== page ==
Every dollar raised will help kids like Charlotte

Help needed: Charlotte Wood has relied on EEG tests to diagnose her epilepsy and identify her best course of treatment. Picture: Supplied
Help needed: Charlotte Wood has relied on EEG tests to diagnose her epilepsy and identify her best course of treatment. Picture: Supplied

For the past six years, Charlotte Wood hasn’t had one day without having a seizure due to a rare and severe form of epilepsy.

The nine-year-old from Yowie Bay had her first seizure when she was a seven-month-old baby.

Her father Darren Wood said things became more serious when she reached three years of age.

“She was walking, talking and acting like a typical three-year-old,” Darren said.

“Then one day her kindy called me saying Charlotte was having a serious seizure and they had called an ambulance.

“That particular seizure went for 40 minutes and from that day she hasn’t gone 24 hours without having a seizure.”

The Wood family is calling on the community to get behind the 2019 Lifeguard Challenge, which is raising funds for the Sydney Children’s Hospitals Foundation with the aim of this year purchasing an urgently needed Ambulatory EEG Monitor for the Sydney Children’s Hospital, Randwick.

Charlotte has relied on EEG tests to diagnose her epilepsy and identify her best course of treatment, with tests showing that Charlotte was having up to 300 seizures a day and having an EEG was the only way they knew these were occurring and how frequently.

Charlotte’s seizures progressively worsened and there was a time when she was completely bedridden. Her development regressed and she lost the ability to walk and talk.

“In the early days we were in the Sydney Children’s Hospital more than we were not,” Mr Wood said.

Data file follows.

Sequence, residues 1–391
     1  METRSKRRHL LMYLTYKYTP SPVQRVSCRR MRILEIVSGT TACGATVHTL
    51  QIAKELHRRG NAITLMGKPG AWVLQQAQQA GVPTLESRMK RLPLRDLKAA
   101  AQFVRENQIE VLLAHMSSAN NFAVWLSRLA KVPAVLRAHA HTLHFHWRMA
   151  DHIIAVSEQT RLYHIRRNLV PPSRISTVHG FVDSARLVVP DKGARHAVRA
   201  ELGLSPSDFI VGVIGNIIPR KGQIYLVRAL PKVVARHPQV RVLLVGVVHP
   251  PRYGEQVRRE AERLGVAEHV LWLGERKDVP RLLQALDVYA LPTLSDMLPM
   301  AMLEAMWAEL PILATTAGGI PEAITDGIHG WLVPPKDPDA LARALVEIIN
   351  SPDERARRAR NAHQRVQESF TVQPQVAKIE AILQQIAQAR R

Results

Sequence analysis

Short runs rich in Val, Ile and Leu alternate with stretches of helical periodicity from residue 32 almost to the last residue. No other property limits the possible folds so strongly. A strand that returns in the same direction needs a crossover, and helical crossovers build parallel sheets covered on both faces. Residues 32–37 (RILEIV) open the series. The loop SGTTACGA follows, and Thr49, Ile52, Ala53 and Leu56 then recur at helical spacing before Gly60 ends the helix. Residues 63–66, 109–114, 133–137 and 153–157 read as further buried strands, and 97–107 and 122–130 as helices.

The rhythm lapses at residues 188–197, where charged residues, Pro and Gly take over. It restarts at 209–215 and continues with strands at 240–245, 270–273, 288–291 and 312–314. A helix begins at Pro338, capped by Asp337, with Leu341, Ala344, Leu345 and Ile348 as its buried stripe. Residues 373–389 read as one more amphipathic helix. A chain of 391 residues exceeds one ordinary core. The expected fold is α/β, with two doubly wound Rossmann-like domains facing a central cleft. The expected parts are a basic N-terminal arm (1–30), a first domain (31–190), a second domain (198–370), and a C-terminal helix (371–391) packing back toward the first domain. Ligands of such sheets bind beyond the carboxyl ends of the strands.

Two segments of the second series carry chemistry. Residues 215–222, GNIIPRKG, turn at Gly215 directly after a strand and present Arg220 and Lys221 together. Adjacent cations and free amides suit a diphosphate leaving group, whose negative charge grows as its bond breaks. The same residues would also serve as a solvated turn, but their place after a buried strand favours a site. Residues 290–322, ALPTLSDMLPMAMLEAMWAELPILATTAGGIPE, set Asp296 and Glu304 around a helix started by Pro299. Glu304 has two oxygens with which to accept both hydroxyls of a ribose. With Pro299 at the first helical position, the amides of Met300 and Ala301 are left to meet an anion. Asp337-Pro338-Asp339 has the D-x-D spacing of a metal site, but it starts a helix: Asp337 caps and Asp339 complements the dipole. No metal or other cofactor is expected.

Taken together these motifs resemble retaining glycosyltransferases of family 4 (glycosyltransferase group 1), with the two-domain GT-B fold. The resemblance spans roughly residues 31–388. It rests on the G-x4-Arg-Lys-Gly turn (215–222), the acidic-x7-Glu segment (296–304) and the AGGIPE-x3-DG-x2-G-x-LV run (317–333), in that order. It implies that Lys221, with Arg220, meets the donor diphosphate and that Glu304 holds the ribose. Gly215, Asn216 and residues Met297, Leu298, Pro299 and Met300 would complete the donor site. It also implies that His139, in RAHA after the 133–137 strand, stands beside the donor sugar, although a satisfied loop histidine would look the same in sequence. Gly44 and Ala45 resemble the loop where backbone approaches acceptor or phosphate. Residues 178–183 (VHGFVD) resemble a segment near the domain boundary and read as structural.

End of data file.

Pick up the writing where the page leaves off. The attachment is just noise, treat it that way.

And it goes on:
“But having the Ambulatory EEG Monitor has allowed Charlotte to continue to have the tests she needs in the comfort of our home.

“Thanks to the amazing medical care available, Charlotte is now walking again and her speech is continuing to improve, but she will always need these tests.”

Charlotte currently has about 10 seizures a day and ongoing EEGs are necessary to continually assess her condition, which changes regularly.

“We are so grateful that our local Lifeguards are raising money for an Ambulatory EEG Monitor for the hospital.

“These monitors really make a huge difference to our daughter and to so many other kids with epilepsy and a range of other conditions,” Mr Wood said.

To raise the much-needed funds to purchase an Ambulatory EEG Monitor, lifeguards from Sutherland Shire, Randwick and Waverley Councils will take on a gruelling 30-kilometre fitness challenge from Bondi to Cronulla via Maroubra.

Sutherland Shire Mayor, Councillor Carmelo Pesce encouraged residents to get behind the lifeguards and donate to their worthy cause.

“Charlotte’s case highlights how important the Sydney Children’s Hospital, Randwick is for many shire families, who rely on the specialist care and equipment available at the hospital,” Mayor Pesce said.

“I hope everyone gets behind our lifeguards by supporting their fundraising efforts and I encourage parents and kids to join us at the finish line event at Cronulla Beach on Sunday for some great fun and activities.”

Residents and onlookers are encouraged to cheer on the lifeguards from any of the vantage points along the course on Sunday, March 17.

The challenge is set to take off from Sydney’s iconic Bondi Beach at 6.30am and cross the finish line at Cronulla Beach from 10am where there will be a BBQ and a treasure hunt for the chance to win some fun prizes.

At certain running points and at the finish line event, lifeguards will be carrying donation tins for beach-goers to donate.

To make a donation online visit the 2019 Lifeguard Challenge donation page.